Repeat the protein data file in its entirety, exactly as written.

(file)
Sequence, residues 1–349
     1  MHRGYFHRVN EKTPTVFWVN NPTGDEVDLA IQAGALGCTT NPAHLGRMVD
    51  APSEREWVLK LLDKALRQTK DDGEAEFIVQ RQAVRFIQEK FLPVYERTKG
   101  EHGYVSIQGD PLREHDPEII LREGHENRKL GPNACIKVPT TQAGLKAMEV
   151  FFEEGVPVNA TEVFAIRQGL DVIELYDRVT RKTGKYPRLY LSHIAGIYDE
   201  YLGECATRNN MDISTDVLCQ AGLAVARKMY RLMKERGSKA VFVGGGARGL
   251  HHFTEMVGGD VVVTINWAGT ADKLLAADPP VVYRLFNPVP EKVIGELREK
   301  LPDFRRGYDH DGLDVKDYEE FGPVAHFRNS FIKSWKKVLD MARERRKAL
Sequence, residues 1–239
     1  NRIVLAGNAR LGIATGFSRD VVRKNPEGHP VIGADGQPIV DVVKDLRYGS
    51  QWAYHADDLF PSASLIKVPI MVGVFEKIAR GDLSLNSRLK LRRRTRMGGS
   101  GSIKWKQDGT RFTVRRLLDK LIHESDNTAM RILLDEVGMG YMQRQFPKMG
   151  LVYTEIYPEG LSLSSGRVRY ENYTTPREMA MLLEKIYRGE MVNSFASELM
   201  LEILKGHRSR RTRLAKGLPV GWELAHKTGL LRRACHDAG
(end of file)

Sequence, residues 1–349
     1  MHRGYFHRVN EKTPTVFWVN NPTGDEVDLA IQAGALGCTT NPAHLGRMVD
    51  APSEREWVLK LLDKALRQTK DDGEAEFIVQ RQAVRFIQEK FLPVYERTKG
   101  EHGYVSIQGD PLREHDPEII LREGHENRKL GPNACIKVPT TQAGLKAMEV
   151  FFEEGVPVNA TEVFAIRQGL DVIELYDRVT RKTGKYPRLY LSHIAGIYDE
   201  YLGECATRNN MDISTDVLCQ AGLAVARKMY RLMKERGSKA VFVGGGARGL
   251  HHFTEMVGGD VVVTINWAGT ADKLLAADPP VVYRLFNPVP EKVIGELREK
   301  LPDFRRGYDH DGLDVKDYEE FGPVAHFRNS FIKSWKKVLD MARERRKAL
Sequence, residues 1–239
     1  NRIVLAGNAR LGIATGFSRD VVRKNPEGHP VIGADGQPIV DVVKDLRYGS
    51  QWAYHADDLF PSASLIKVPI MVGVFEKIAR GDLSLNSRLK LRRRTRMGGS
   101  GSIKWKQDGT RFTVRRLLDK LIHESDNTAM RILLDEVGMG YMQRQFPKMG
   151  LVYTEIYPEG LSLSSGRVRY ENYTTPREMA MLLEKIYRGE MVNSFASELM
   201  LEILKGHRSR RTRLAKGLPV GWELAHKTGL LRRACHDAG